Author Identifier

Eileen Slater

ORCID : 0000-0002-2801-6392

Christina Norris

ORCID : 0000-0001-9396-3604

Julie Morris

ORCID : 0000-0003-4481-8050

Document Type

Journal Article

Publication Title

Heliyon

Publisher

Elsevier

School

School of Education

RAS ID

36892

Funders

Edith Cowan University - Open Access Support Scheme 2021

Comments

Slater, E. V., Norris, C. M., & Morris, J. E. (2021). The validity of the science teacher efficacy belief instrument (STEBI-B) for postgraduate, pre-service, primary teachers. Heliyon, 7(9), article e07882. https://doi.org/10.1016/j.heliyon.2021.e07882

Abstract

The STEBI-B (Enoch and Riggs, 1990) has been widely used as a measure of undergraduate primary pre-service teacher self-efficacy since its creation. However, the publication of its use within postgraduate teaching courses has been limited. The postgraduate pre-service teachers (Graduate Diploma and Master of Education students) are a very different population, presenting with more life experience and importantly, more experience in Science. This brings the generalizability of the STEBI-B to this population into question. The validity of the STEBI-B for use with a postgraduate, pre-service teacher population was investigated using a Rasch model analysis. Results support the two-factor structure presented by the original authors, the rewording proposed by Bleicher (2004), and additional modifications to the Likert scale and wording to improve targeting for this specific population. With simple, justified modifications the STEBI-B can be used as a tool to positively influence course design in postgraduate, pre-service teacher, science education courses.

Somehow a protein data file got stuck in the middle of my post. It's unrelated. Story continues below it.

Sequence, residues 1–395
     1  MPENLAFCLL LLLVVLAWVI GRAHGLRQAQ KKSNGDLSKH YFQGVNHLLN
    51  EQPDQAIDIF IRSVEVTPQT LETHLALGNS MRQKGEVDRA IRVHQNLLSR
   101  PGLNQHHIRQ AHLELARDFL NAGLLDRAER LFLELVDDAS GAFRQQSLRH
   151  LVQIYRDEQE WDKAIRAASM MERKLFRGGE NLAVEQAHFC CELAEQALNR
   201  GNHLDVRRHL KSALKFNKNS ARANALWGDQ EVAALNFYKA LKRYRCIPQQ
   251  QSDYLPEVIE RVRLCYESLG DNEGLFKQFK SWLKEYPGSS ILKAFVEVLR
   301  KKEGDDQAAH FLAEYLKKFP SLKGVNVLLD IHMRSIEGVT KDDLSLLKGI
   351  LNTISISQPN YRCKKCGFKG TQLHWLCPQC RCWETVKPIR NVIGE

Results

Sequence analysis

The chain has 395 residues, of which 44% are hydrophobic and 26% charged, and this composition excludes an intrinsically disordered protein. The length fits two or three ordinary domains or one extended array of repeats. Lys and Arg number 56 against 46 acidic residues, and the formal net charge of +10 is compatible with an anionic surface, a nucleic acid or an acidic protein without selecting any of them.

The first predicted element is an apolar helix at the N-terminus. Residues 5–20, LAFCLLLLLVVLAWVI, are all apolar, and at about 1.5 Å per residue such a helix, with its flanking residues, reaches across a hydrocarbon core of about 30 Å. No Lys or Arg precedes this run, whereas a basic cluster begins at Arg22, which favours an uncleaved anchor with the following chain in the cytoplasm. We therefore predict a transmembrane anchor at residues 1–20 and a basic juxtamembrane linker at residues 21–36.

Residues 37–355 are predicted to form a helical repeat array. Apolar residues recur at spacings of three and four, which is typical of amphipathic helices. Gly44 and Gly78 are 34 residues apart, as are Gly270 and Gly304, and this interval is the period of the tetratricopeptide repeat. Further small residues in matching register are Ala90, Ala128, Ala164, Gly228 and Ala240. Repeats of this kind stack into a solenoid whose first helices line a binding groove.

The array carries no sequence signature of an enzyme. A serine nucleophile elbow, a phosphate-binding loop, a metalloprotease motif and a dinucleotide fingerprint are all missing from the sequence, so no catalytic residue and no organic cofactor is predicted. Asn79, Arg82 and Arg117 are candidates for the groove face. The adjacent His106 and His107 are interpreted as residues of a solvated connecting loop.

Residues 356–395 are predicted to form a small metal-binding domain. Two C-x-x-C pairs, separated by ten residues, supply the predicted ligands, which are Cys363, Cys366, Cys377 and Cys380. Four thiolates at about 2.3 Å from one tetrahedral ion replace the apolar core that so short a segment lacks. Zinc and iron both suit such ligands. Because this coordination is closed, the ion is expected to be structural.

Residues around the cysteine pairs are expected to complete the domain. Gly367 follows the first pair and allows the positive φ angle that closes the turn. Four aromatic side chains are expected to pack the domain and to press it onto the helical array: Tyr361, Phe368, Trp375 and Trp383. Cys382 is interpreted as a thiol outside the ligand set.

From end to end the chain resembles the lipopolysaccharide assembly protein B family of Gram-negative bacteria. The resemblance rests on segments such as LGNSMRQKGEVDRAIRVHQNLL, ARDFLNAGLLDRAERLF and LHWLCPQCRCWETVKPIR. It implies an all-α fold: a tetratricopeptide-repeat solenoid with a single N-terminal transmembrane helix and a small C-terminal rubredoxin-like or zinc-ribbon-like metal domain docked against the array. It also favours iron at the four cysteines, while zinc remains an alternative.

DOI

10.1016/j.heliyon.2021.e07882

Creative Commons License

Creative Commons Attribution-Noncommercial-No Derivative Works 4.0 License
This work is licensed under a Creative Commons Attribution-Noncommercial-No Derivative Works 4.0 License.

Research Themes

Society and Culture

Priority Areas

Diverse, equitable, informed and productive communities, schools and workplaces

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